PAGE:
When Greyson and Harrison Kennedy were freshmen, Bulloch Academy track coach Ronnie Hodges knew he had something special. The twins had endurance and ability; it was just a matter of what event would suit them best.
“I saw Harrison run a 60-second 400-meter dash after football practice, and I was pretty sure that was his event, even though he wasn’t built for it,” Hodges said. “With Greyson, he could run the 400 and the 800, but it seemed his specialty was more the 800.”
Both Kennedys were on the mile relay team, and Hodges noted that most 400-meter runners are usually close to 6 feet in height.
“Harrison is about six inches shorter than that,” Hodges said, “but he makes the most of his strides and runs full out the whole way. Greyson had the build for the 800 being lean, and height and stride aren’t exactly as important.”
Greyson qualified for state his freshman year and both brothers started off their sophomore track seasons on fire. Both were undefeated during the regular season. By the region meet, Harrison’s time was improving, but Greyson’s time started to decrease a bit as he finished as region runner-up.
“Greyson kept having nagging injuries,” Hodges said. “He was putting in the work but was complaining about his leg and hip hurting, and the trainers were having a tough time figuring out what was wrong with him.”
X-rays and scans were done on Greyson, and nothing was found. He and Harrison both qualified for the state. Greyson had a decent showing at the state meet, but what he didn’t know was when he walked off the track, it would be the last time he would ever run again.
Shortly after the state meet Greyson was diagnosed with Ewing sarcoma, a rare form of bone cancer, in his left leg.
“He was devastated when the doctors told him he would likely never run track or play football again,” said Everett Kennedy, the boys’ father. “I just prayed to God that he would spare his life or not lose a limb.”
Greyson immediately started a long series of chemotherapy, followed by a surgery to replace a section of his bone and hip socket.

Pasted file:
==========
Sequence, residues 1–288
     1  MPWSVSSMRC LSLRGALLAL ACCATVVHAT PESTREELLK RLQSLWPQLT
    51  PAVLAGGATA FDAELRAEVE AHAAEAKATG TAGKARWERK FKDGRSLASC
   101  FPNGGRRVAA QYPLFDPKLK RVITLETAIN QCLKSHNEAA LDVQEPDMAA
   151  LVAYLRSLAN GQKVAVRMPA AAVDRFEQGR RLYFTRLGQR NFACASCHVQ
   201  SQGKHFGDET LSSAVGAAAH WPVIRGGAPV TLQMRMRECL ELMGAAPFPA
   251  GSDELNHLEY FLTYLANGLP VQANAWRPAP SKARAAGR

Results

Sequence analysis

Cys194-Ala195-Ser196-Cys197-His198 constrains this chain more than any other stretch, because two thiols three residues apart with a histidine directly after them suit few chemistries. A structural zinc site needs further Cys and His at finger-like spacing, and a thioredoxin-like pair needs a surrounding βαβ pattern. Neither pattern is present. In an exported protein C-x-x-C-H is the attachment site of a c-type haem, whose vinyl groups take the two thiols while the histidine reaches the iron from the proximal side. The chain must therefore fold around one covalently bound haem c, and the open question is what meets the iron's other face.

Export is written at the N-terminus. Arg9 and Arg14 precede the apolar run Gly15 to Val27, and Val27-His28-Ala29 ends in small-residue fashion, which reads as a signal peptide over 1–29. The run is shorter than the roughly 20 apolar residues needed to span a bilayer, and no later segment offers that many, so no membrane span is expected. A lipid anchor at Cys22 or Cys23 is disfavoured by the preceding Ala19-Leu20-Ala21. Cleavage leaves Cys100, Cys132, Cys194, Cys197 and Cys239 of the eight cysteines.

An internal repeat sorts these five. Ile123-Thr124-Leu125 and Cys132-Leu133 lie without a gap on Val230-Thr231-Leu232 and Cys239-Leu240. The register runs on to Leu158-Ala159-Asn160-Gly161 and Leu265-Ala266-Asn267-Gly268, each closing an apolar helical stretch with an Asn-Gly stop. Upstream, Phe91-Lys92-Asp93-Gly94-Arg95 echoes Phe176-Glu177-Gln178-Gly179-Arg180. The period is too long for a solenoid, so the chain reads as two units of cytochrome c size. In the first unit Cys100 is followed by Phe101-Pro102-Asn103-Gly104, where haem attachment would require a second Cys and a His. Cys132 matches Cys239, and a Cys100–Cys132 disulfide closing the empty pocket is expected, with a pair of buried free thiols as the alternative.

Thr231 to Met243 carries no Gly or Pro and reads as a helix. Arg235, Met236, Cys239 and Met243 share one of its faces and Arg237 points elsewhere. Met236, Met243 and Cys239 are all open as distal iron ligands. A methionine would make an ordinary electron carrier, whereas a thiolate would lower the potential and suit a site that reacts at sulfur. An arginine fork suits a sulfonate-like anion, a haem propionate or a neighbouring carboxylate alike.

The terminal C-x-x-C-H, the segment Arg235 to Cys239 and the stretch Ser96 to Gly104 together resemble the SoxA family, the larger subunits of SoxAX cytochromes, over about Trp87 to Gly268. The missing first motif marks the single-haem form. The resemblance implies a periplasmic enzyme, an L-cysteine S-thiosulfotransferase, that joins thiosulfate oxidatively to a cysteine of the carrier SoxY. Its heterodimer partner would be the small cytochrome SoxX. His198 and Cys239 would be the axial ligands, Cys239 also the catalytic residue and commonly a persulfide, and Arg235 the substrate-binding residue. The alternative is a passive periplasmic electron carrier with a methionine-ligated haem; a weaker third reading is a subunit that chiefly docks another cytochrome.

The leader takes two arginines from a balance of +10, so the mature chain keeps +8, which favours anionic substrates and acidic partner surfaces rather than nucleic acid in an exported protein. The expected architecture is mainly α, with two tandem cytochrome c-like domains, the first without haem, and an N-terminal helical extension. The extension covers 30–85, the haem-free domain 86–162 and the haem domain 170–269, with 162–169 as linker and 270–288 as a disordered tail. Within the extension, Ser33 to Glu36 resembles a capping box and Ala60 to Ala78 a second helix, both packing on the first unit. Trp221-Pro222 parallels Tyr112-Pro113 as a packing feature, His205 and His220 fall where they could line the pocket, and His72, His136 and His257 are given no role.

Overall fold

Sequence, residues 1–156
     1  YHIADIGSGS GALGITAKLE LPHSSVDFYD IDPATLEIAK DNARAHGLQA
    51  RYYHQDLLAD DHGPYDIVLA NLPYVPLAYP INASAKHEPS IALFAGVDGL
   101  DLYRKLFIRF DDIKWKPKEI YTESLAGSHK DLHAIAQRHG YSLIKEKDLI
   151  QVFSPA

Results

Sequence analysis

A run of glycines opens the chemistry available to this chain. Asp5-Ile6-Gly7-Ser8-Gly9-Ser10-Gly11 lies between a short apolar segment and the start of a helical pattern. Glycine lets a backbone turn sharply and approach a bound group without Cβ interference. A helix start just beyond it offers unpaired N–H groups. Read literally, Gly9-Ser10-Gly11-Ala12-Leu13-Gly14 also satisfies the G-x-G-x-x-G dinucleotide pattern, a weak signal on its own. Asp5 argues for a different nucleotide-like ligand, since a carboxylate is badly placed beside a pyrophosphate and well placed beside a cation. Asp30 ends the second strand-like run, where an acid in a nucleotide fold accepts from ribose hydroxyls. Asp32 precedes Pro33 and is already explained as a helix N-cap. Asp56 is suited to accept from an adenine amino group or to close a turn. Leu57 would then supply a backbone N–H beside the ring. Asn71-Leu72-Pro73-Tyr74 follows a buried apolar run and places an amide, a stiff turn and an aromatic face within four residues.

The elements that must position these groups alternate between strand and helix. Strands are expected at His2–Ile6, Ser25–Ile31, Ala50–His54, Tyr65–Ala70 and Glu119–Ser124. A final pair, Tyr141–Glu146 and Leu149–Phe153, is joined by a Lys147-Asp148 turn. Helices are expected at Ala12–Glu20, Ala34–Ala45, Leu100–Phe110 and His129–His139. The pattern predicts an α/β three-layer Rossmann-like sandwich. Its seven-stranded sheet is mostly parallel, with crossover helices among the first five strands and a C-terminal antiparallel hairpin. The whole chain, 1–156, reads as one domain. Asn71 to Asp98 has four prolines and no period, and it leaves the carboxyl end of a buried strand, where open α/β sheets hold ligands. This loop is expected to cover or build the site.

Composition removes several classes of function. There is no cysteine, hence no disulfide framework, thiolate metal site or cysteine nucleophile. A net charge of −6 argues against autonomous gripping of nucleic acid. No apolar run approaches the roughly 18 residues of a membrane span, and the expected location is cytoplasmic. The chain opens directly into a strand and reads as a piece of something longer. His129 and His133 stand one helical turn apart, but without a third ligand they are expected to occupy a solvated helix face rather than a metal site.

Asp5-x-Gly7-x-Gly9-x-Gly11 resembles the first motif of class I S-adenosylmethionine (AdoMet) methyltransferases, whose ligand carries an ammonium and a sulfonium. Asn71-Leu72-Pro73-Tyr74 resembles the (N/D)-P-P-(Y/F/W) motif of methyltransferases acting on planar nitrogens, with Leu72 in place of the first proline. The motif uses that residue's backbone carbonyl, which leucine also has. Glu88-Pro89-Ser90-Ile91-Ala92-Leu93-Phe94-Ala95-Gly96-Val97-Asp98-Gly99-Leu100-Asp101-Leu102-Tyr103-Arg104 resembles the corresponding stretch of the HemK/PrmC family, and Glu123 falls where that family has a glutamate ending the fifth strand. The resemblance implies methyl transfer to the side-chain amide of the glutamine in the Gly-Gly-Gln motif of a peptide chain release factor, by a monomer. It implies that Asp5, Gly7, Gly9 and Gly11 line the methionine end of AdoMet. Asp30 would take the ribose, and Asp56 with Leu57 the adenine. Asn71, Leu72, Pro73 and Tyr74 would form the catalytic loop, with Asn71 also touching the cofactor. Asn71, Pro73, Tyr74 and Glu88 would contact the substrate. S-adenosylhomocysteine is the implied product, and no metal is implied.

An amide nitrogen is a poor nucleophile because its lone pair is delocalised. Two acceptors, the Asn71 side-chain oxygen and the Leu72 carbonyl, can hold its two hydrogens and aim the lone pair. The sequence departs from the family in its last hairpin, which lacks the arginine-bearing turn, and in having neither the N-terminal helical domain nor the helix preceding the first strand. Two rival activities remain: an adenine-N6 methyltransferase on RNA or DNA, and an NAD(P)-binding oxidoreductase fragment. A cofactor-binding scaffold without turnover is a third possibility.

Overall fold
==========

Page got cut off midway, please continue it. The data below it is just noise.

Seeing Greyson going through what he was having to endure, Harrison decided to put even more time into training. His goal was to go undefeated and to win the state title.
“It was hard seeing my brother go through all the pain and treatment he had to go through,” said Harrison. “I knew how much he wanted to be out there competing, so I decided I would have to put in the work for the both of us.”
Said Hodges, “You could really see Harrison put it in another gear when Greyson got sick. He was always a hard worker, but he put in even more work and his time continued to drop.”
Unfortunately, the COVID-19 pandemic shut the track season down quickly in 2020 and Harrison’s goal had to be put on hold until this year.
Harrison went through the 2021 season undefeated and won the region meet. That set up a chance to fulfill his quest last weekend at the state meet at Locust Grove. Prior to the race, the two brothers went out onto the track and exchanged a hug before Greyson held the blocks for him to start the race.
“The way he supported me throughout the season was special,” Harrison said. “It was so important to me to have him there holding the blocks in the last two meets. I knew he was behind me, and I wasn’t going to let him down.”
Not only did Harrison go on to win the state title, his time of 50.09 second was .02 of second away from the Bulloch Academy school record.
“To be able to be out there with him meant a lot to me,” said Greyson. “I would have loved to be able to run with him, but him trying to make me proud by accomplishing his goal was very special.”
As for Harrison and Greyson’s dad Everett Kennedy. the 2021 state meet is something he will never forget for many reasons.
“I will never forget that special moment between my sons,” said Kennedy.
When the gun fired, the boys’ dad said, Harrison took off. He passed the rest of the pack and never lost the lead.
Alongside Greyson cheering him on was their sister Alexandra, who placed third in the pole vault in the state meet.
“Afterward, all of them hugging was one of the most gratifying moments I've ever experienced in my life,” Harrison Kennedy said. “All the glory to God.”
Greyson’s surgery proved to be a success and so far, all his scans have been cancer-free. Greyson is planning on attending Georgia Southern this fall, while Harrison will be heading to the University of Georgia.